I'm still in the process of arranging what I think is referred to as 'professional trauma cleaning' of Aunty's bedroom whilst the Boy and I have taken advantage of her absence to continue sorting her house (and thankfully there's been no further sign of her four footed tenants).
I've insisted, given the evidence of 'trauma', we turn up wearing homemade protective gear. With no access to hazmat suits, we tie Tesco carrier bags over our shoes, wrap scarves round our faces and wield Fabreze sprays. Now if only I could remember where the swimming goggles are stored.....
A good week, though if you're lucky enough to be still here, still breathing, every week is a good week.
This one started with flowers from the Boy on Mothering Sunday which were followed by a drive to Saltburn, a quick glimpse of the sea and a 'Little Creatures' felting workshop. I opted to have a stab (literally) at making a penguin and, in the process, won the prize for breaking the most needles. (I broke so many I had to hide the bits in my specs case.) The penguin wouldn't win any prizes but at least he was greeted with only minimal laughter during show and tell at home.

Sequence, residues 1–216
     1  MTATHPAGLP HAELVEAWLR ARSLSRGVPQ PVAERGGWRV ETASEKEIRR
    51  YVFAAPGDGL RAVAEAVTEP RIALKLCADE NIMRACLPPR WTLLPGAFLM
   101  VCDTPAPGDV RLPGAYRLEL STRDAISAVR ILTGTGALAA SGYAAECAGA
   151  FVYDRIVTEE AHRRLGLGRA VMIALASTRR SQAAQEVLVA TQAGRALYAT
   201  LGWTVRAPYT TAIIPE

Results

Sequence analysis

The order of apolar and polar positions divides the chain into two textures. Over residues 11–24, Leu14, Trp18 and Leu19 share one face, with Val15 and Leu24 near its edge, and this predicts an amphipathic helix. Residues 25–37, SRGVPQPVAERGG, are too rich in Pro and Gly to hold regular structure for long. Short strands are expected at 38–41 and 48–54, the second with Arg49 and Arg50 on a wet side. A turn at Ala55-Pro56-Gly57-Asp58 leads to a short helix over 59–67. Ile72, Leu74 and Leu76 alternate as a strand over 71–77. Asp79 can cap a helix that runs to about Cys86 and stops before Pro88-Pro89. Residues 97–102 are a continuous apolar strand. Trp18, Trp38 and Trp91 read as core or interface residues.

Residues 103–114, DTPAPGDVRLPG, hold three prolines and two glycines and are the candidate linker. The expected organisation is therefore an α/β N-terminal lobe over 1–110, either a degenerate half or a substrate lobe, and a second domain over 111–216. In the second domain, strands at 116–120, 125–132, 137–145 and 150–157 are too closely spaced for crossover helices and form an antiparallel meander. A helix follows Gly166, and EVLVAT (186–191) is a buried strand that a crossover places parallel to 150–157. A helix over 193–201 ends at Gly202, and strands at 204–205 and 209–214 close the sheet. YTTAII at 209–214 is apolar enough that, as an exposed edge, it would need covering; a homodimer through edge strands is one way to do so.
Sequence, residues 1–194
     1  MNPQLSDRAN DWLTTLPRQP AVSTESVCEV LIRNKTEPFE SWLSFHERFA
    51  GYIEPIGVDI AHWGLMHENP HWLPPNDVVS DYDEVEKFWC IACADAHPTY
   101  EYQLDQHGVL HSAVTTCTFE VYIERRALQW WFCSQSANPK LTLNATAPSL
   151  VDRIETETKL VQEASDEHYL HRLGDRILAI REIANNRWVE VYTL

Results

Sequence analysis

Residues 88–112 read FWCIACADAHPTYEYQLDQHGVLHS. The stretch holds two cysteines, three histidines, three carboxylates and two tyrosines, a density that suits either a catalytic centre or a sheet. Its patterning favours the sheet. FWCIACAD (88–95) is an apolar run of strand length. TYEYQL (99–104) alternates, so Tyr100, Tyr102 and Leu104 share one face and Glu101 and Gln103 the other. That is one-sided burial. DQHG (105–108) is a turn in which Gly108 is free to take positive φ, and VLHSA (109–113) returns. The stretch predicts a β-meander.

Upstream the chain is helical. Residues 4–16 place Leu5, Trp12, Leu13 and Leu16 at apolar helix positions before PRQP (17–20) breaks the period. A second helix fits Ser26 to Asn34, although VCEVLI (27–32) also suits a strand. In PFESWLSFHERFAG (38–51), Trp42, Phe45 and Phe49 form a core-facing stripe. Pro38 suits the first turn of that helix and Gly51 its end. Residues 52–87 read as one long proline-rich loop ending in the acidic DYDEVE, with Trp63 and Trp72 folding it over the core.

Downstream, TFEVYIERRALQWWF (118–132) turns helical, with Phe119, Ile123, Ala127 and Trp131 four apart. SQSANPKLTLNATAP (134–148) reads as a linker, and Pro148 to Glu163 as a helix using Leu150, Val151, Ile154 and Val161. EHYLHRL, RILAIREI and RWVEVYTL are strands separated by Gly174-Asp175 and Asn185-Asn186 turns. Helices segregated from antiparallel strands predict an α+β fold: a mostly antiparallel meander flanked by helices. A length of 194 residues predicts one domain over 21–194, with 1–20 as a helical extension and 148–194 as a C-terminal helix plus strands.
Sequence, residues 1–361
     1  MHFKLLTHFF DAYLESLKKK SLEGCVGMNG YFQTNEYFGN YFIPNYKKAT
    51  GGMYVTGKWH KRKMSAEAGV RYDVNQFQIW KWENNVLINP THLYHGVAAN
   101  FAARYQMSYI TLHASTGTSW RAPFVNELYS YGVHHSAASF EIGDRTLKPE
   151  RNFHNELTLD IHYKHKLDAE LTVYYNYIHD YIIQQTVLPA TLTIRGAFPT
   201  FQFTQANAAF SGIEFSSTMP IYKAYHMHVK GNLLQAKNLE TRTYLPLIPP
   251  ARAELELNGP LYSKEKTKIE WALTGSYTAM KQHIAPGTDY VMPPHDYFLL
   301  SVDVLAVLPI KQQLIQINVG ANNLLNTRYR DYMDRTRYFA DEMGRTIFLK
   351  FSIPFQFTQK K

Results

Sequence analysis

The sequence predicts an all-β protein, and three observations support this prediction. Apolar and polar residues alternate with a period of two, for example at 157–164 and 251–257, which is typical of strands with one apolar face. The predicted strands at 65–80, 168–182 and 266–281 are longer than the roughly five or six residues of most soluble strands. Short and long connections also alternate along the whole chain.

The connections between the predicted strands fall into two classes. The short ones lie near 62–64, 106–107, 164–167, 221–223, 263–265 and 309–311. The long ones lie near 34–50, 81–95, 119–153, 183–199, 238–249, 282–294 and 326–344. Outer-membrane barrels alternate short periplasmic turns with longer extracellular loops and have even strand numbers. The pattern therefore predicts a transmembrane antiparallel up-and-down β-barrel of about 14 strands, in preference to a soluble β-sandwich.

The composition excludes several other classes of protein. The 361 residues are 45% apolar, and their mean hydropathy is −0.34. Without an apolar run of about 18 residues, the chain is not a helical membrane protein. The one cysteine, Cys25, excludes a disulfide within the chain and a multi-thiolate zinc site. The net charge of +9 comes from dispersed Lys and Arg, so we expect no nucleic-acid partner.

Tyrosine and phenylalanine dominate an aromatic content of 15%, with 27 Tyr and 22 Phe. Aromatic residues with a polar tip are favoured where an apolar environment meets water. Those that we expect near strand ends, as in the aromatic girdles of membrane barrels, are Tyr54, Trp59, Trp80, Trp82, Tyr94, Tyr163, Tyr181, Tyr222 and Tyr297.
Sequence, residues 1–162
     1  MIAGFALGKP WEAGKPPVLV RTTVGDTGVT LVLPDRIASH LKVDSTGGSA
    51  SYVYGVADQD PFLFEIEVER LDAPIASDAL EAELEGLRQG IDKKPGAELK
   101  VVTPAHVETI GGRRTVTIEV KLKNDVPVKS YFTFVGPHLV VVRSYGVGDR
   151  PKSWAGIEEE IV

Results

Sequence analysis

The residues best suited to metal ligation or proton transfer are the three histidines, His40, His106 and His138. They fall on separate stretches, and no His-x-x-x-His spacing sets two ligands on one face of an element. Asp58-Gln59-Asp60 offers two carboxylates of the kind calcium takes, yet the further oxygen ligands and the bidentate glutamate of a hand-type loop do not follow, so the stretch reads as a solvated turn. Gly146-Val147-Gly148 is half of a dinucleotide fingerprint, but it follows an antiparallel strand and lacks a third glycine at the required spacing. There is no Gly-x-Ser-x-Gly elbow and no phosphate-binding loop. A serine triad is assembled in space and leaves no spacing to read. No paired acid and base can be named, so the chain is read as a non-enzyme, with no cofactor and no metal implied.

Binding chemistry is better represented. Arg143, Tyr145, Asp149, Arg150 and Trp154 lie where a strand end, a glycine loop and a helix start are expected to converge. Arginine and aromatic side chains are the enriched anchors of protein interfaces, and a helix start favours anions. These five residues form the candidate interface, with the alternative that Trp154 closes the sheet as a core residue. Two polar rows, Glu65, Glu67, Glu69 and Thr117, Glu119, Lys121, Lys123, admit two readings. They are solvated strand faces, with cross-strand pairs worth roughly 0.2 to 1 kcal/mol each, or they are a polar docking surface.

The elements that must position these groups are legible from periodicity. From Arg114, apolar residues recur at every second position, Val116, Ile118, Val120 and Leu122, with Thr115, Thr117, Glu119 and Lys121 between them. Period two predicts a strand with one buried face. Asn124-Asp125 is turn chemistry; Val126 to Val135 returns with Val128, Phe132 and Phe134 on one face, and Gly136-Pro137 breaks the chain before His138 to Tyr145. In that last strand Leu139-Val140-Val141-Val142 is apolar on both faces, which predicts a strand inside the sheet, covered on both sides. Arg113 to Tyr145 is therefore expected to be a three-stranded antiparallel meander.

A midweek baking session resulted in a half batch of Jamie's brownies which didn't hang around the kitchen long, though the other two here didn't really get much of a look in.
A couple of books were read which, amazingly, I can still remember and recommend. Wolf Winterhas a small remote settlement in 18th century Swedish Lapland as its focus and, with skilful interweaving of reality and the spirit world, seeks to answer the question 'Who killed Eriksson?' I'm a big fan of Patti Smith and Just Kidsis her memoir, making good the promise to photographer Robert Mapplethorpe to write their story, from their meeting in New York in 1967 to his death in 1989 and everything in between.
We watched Nightcrawler, a film about decidedly creepy petty criminal but desperate for a job Louis Bloom, who discovers there's a living to be made filming crime scenes for TV news channels. This is a dark, edge of the seat thriller, at times cringeworthy, at times grisly, at times oddly funny, with a slimmed down Jake Gyllenhaal in the central role. Recommended.